HONG KONG: Asian markets fell on Friday, extending their losses from the previous day as fears the United States is headed for another economic crisis sent Wall Street diving again and dealers running.
The yen also remained at elevated levels after Barack Obama's re-election as US president stoked concerns of political gridlock in Washington with a "fiscal cliff" approaching that could tip the country back into recession.
Tokyo fell 0.94 per cent by the break, Hong Kong lost 0.53 per cent, Sydney shed 0.42 per cent and Shanghai was 0.11 per cent off, while Seoul slipped 0.88 per cent.
While Obama's victory over Mitt Romney removed uncertainty traders have now turned their focus to the deep spending cuts and huge tax hikes that will come in on January 1 if Republicans and Democrats do not reach a deal.
The package is a major threat to the economy after a protracted but possibly reckless compromise was reached last year -- with the expectation a less painful plan could be agreed -- to raise the country's borrowing cap.
If the automatic measures kick in, the United States' slow recovery from the financial crisis could be reversed and the nation tip back into recession, dealing a blow to the global economy.
The threat of a fiscal crisis sent Wall Street tumbling for a second day Thursday.
The Dow, which suffered its worst one-day drop of the year on Wednesday, lost another 0.94 per cent, the S&P 500 fell 1.22 per cent and the Nasdaq lost 1.42 per cent.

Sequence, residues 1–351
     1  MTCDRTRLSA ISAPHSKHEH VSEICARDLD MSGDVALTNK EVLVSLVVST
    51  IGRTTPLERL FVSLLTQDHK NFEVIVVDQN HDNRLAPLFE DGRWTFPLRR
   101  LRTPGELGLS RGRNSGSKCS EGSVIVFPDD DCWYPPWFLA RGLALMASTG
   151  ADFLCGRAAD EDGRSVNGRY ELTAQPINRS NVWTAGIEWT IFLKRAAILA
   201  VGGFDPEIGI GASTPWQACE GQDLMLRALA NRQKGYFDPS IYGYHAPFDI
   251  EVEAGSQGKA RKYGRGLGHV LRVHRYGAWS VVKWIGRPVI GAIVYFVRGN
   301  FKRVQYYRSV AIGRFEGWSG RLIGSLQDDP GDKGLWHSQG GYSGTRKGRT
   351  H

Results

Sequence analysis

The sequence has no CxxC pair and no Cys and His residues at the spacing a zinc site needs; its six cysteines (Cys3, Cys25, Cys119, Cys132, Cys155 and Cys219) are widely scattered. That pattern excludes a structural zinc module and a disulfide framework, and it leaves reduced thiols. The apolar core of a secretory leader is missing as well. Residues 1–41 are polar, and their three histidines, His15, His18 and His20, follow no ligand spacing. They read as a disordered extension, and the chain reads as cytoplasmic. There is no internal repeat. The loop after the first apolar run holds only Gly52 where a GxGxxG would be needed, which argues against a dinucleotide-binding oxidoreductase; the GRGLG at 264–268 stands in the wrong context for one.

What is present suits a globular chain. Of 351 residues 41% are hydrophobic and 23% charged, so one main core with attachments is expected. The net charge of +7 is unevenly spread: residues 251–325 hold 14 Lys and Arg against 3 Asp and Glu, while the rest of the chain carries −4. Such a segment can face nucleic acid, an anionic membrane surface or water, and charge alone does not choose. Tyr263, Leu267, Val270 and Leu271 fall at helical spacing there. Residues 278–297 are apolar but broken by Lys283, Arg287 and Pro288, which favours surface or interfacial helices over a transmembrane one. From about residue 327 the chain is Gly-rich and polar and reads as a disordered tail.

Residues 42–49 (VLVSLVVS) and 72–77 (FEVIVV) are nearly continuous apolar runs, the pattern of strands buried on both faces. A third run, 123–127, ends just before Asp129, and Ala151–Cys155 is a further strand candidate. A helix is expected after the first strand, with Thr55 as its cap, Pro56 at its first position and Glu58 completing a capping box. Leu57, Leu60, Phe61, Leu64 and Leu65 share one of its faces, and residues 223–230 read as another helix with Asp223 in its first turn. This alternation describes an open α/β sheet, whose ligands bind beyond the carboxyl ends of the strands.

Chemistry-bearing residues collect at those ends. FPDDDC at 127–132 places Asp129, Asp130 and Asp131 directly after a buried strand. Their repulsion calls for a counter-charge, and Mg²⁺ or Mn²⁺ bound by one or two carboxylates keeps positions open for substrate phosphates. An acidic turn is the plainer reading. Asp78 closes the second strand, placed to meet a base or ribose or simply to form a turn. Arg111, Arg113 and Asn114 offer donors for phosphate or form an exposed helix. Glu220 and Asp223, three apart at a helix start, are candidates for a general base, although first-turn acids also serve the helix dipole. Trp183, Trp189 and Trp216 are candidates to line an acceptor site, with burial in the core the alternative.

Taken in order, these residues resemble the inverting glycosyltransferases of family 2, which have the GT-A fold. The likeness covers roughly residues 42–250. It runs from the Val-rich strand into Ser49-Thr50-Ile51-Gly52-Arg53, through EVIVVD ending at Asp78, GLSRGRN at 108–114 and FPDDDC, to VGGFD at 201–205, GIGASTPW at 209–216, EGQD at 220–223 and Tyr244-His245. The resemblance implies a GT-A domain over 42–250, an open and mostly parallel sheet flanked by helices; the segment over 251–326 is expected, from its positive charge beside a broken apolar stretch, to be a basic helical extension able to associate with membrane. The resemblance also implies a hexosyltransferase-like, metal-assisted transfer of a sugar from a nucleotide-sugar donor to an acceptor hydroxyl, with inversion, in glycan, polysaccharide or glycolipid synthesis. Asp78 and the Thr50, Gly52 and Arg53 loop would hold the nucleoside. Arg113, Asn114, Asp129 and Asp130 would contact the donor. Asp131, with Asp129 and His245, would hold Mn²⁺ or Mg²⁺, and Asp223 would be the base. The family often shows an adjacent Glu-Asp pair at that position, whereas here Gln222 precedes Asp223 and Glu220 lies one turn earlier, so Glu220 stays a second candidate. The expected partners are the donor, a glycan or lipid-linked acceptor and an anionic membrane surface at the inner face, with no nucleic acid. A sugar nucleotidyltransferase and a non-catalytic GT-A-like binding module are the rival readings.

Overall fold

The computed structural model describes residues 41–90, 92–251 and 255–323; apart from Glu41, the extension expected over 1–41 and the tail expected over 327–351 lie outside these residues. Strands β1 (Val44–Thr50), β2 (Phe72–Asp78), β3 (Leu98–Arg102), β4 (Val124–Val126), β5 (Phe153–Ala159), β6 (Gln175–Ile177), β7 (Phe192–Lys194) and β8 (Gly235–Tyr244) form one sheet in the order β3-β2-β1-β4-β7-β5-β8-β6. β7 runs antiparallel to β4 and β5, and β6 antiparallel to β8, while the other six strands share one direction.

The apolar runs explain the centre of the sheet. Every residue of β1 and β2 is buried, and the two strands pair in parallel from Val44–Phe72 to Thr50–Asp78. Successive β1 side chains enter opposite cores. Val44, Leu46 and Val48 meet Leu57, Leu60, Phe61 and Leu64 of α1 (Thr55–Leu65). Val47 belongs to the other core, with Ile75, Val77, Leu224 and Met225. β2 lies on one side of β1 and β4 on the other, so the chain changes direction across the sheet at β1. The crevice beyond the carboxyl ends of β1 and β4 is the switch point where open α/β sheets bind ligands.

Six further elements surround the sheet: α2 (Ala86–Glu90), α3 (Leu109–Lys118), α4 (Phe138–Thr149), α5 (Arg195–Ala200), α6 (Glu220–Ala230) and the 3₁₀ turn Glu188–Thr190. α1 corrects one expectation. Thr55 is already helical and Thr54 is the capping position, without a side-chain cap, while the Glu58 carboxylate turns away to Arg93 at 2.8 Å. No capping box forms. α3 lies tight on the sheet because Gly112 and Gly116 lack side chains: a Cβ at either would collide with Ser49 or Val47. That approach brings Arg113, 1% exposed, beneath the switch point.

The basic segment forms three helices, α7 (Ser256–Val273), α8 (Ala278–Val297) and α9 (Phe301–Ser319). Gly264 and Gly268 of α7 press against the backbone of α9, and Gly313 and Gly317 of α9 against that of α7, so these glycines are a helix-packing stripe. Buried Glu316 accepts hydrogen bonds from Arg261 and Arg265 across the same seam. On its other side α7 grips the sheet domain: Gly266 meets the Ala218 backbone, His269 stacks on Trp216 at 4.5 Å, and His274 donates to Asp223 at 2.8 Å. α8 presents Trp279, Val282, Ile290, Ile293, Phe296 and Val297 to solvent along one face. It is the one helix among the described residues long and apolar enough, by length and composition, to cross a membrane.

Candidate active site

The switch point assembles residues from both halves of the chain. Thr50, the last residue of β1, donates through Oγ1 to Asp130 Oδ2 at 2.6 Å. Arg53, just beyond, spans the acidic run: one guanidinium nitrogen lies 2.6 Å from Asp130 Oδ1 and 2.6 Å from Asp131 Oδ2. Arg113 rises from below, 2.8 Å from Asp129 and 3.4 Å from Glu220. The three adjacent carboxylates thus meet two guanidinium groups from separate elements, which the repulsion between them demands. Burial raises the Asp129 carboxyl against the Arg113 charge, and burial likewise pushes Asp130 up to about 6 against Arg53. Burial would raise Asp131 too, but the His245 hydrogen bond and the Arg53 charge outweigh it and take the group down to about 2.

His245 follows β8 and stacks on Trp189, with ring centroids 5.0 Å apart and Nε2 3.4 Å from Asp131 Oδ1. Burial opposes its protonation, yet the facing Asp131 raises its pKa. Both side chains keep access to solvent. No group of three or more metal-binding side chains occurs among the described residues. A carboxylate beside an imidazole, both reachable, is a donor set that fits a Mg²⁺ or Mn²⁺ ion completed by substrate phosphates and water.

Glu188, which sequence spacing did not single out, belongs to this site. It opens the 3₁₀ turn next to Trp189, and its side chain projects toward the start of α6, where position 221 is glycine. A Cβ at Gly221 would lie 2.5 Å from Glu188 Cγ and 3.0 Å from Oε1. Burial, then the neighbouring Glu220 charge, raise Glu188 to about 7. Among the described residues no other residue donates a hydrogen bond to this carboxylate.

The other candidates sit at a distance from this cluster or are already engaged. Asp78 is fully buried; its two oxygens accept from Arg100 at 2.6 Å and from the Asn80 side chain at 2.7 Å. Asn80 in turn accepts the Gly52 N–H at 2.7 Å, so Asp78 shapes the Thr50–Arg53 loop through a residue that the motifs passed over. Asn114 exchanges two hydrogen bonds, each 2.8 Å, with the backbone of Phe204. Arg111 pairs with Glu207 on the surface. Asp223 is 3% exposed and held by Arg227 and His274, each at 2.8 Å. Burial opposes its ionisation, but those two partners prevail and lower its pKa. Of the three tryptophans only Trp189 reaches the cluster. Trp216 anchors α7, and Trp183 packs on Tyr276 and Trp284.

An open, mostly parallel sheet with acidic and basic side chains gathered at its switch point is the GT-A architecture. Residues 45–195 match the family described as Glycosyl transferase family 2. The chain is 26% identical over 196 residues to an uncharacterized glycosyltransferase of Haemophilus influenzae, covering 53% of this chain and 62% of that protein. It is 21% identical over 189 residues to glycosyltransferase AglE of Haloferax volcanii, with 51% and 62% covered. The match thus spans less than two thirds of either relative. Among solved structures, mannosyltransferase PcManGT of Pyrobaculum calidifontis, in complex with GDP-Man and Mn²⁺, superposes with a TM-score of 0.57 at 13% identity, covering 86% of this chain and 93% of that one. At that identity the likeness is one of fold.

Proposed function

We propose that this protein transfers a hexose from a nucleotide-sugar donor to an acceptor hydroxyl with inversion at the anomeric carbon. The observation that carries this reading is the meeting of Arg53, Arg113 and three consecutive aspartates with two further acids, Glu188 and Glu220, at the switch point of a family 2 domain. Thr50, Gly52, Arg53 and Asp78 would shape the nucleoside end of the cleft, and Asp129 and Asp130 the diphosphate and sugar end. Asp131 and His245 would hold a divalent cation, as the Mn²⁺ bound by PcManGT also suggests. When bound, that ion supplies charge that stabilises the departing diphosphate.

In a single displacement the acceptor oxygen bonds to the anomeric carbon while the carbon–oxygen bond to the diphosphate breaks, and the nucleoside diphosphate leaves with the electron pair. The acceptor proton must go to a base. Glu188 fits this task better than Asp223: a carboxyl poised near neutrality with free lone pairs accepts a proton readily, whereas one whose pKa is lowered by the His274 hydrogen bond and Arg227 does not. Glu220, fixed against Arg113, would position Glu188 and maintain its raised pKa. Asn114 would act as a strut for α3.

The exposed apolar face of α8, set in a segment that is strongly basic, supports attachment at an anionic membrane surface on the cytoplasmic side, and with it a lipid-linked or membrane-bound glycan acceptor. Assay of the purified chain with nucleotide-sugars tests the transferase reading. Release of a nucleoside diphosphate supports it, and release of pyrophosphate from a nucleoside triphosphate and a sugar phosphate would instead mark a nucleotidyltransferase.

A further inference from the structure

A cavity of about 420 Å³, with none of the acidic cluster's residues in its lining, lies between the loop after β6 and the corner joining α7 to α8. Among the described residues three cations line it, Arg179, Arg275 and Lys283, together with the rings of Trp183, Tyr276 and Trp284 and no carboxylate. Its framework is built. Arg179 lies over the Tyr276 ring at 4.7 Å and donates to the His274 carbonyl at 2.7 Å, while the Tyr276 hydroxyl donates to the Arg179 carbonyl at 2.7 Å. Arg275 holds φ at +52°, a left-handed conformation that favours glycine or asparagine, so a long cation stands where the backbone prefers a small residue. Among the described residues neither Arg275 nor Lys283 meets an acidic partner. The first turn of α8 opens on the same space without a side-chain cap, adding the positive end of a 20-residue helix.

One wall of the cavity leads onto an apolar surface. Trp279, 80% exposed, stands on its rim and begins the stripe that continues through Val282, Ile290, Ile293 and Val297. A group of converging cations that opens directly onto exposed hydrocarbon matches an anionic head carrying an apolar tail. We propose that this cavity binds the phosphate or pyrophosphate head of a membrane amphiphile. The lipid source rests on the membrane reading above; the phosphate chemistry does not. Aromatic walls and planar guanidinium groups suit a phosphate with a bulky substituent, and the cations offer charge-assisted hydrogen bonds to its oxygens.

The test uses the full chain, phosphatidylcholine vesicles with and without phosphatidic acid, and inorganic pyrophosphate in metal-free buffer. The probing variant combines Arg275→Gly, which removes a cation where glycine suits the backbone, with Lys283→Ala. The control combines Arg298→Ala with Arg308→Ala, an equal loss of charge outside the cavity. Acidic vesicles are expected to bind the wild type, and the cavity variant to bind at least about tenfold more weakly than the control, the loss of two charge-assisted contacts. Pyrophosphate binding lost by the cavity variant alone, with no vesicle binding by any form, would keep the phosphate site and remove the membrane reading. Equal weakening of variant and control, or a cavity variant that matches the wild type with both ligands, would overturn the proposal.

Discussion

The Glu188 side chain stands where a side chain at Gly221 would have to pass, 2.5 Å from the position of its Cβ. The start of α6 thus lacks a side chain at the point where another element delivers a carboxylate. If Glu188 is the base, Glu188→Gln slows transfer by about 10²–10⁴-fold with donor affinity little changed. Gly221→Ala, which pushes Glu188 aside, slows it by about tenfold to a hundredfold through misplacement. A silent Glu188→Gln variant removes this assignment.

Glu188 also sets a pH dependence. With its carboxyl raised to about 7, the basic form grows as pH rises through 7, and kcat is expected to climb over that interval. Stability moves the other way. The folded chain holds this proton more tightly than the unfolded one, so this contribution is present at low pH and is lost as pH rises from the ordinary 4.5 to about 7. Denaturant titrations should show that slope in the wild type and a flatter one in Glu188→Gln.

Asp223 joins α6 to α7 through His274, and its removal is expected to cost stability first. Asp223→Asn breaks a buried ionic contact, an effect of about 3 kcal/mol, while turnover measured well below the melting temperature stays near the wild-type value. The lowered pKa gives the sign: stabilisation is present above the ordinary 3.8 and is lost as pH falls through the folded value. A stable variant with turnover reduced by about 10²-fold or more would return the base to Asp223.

However, US dealers were provided another set of upbeat data that indicate the world's biggest economy is picking up.
The commerce department said the country's trade deficit narrowed in September to $41.5 billion, from $43.8 billion in August, thanks to a rebound in exports to a record level for the month.
Expectations had been for the trade deficit to widen to $45.4 billion.
With optimism weakening investors sought out safer assets in the forex market, maintaining the yen's strength and hurting the euro.
In early Asian trade the single currency fetched $1.2741 and 101.28 yen, from $1.2748 and 101.27 yen in New York late Thursday. The dollar was at 79.47 yen against 79.43 yen in US trade.
In comparison the euro bought $1.2932 and 103.77 yen last Friday, while the dollar was at 80.21 yen.
The euro was also weak after the European Central Bank said it would keep interest rates on hold, refusing to announce any cut and saying it was up to governments to work on getting the region's finances back on a level footing.
Regional finance ministers are due to decide whether to release the latest tranche of rescue cash for Greece, which on Thursday posted a record unemployment level of 25.4 per cent of the workforce.
European Central Bank President Mario Draghi welcomed a sweeping austerity package passed by Greek lawmakers on Wednesday to qualify for the money, saying it "really represents progress".
Investors are also keeping an eye on China where a week-long congress is underway at which the country's next leaders will be anointed.
On Friday official data showed Chinese inflation eased to a nearly three-year low in October, hitting 1.7 per cent year-on-year, compared with 1.9 per cent in September.
Dealers saw the figures as providing the central bank more leeway to cut interest rates to spur the economy, which is showing signs of breaking out of a recent slumber.
Oil prices were higher, with New York's main contract, light sweet crude for delivery in December gaining 13 cents to $85.22 while Brent North Sea crude for December delivery was up 20 cents at $107.45.
Gold was at $1,734.40 by 0345 GMT compared with $1,714.90 late Thursday.
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